I struggled (and still struggle) with something called “imposter syndrome.” It’s something you feel when you’re so full of doubt about yourself that you are in denial of where you are and where you are headed. Deep down you don’t feel deserving of the success you have achieved. Over the last 4 years I’ve had thoughts like “why would anyone trust me with their dog when I can’t even pass this little pathology exam?” or “I don’t deserve to be a vet, I failed xyz.” Even more recently while being on the job hunt I was in disbelief that clinics were reaching out and calling ME, wanting me to join their team. Doubt filled my head, “there must be some mistake.” It’s when you weigh your failures more than your triumphs. And the pressure and weight of those failures is unbearable, you just want to quit. It’s comparing your weaknesses to others’ strengths and believing they are going to be better than you, but forgetting that you have other talents and valuable qualities to offer that they might not have. At times when I felt (and feel) lowest, I lean on my support system, my cheerleaders. I WOULD NOT be where I am today without them. When the doubt and fear of failure was all consuming, I would Skype my parents. And they would answer even if it was midnight the night before a final or practical. They would let me fall apart but then talk me through it and help pick me back up again. They believed in me when I didn’t have an ounce of faith left. The (frequent) moments of doubt were part of the journey, just as the moments of feeling “doctor vibes” were. We lived for those moments: learning how to do a physical exam on a horse, successfully placing an IV catheter, our first dog spay (real life surgery!!!) Those doctor moments were worth it… when the imposter syndrome was at bay.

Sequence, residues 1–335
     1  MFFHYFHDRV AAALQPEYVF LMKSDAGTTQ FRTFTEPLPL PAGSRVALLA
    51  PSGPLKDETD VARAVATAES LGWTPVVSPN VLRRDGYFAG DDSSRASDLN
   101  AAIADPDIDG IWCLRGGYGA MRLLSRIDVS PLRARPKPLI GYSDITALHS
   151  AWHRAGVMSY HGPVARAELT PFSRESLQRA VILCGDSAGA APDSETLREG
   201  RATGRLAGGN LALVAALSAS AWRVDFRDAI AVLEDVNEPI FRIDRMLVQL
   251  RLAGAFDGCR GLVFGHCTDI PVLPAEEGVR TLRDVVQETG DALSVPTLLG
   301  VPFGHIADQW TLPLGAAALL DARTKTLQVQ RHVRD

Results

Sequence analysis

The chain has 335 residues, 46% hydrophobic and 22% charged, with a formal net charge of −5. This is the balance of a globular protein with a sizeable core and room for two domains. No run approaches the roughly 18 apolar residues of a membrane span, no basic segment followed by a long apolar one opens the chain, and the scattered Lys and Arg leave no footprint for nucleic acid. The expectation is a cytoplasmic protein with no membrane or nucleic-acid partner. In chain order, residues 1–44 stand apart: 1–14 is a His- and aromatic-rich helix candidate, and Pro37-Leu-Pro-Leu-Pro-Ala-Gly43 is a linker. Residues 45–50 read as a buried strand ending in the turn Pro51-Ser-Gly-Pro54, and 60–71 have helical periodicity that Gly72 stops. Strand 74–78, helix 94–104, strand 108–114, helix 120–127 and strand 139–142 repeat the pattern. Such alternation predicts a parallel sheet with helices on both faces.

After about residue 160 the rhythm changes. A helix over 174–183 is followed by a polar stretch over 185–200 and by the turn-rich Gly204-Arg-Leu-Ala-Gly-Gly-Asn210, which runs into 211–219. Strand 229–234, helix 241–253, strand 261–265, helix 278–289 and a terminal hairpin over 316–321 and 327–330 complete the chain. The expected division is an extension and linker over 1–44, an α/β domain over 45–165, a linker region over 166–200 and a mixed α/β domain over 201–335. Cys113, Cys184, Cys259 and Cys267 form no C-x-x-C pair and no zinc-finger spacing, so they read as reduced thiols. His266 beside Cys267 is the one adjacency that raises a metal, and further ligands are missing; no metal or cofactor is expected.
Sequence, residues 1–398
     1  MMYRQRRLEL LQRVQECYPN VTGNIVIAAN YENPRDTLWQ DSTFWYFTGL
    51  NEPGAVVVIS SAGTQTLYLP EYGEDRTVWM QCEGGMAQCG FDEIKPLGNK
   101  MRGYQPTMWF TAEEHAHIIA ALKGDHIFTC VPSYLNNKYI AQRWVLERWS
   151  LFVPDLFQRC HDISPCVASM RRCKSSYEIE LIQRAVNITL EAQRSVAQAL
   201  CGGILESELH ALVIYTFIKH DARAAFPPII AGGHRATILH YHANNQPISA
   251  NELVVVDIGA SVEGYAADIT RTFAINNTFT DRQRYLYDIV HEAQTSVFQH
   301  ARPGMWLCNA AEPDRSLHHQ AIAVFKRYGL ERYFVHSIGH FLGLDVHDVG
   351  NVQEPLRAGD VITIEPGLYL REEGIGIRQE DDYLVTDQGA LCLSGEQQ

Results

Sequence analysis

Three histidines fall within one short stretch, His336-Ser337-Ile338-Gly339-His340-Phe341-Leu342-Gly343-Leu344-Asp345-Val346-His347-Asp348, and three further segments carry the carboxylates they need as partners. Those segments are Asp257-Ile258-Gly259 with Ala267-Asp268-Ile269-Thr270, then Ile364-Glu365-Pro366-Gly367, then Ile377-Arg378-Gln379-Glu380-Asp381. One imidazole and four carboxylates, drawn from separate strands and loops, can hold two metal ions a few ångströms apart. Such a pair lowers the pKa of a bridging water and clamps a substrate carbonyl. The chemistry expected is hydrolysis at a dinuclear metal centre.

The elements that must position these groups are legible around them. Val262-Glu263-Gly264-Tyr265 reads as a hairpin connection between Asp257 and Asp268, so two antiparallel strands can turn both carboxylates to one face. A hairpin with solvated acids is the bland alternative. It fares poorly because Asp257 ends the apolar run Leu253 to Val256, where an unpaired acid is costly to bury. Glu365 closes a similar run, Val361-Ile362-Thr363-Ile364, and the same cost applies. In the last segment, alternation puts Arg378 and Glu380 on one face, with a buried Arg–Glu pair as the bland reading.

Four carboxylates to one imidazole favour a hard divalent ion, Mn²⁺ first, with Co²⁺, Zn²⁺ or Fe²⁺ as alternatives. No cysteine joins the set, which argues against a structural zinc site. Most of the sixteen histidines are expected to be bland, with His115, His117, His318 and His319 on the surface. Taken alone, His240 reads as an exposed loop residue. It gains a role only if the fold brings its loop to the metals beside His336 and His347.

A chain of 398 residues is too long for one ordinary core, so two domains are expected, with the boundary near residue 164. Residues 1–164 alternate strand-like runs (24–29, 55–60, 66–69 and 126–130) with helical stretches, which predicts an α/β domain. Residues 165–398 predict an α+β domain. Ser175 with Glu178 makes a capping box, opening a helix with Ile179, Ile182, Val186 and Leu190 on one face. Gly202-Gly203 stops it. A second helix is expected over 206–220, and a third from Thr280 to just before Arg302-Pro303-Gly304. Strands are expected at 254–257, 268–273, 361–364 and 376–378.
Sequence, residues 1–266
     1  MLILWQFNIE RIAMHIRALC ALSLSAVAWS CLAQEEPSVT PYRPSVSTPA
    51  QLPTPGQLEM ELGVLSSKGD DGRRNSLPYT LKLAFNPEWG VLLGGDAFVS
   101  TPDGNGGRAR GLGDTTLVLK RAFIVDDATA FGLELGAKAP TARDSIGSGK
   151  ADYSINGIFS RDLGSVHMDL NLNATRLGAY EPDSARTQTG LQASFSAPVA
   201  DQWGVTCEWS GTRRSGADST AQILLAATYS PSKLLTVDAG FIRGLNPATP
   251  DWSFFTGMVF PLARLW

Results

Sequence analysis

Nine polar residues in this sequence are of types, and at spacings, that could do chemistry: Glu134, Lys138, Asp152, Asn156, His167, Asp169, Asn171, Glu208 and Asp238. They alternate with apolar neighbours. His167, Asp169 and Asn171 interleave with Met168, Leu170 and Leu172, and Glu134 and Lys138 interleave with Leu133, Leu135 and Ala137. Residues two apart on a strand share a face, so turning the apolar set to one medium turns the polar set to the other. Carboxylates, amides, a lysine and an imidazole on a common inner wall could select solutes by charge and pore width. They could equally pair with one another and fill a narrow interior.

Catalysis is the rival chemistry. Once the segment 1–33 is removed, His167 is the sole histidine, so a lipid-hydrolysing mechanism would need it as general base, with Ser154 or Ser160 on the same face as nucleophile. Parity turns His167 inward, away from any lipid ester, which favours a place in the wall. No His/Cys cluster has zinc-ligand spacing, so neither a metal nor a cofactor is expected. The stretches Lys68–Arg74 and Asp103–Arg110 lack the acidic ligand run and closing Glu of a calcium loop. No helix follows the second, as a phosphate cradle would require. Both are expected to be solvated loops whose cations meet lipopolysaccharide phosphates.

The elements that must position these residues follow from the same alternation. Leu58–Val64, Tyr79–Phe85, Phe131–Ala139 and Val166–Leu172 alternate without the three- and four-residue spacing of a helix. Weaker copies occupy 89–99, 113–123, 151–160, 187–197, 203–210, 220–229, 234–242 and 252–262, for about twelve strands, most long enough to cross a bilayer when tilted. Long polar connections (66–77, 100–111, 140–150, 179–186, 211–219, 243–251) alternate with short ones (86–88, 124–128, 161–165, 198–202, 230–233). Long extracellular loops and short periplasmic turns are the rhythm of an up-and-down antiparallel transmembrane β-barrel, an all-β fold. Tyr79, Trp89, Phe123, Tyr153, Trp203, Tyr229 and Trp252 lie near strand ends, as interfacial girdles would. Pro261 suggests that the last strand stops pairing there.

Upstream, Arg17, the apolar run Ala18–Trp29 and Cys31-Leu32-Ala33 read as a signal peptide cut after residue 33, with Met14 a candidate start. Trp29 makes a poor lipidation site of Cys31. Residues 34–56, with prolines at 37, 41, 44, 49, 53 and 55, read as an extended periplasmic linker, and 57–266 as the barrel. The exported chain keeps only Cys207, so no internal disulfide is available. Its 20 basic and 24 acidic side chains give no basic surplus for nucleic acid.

What advice would you give to a younger you?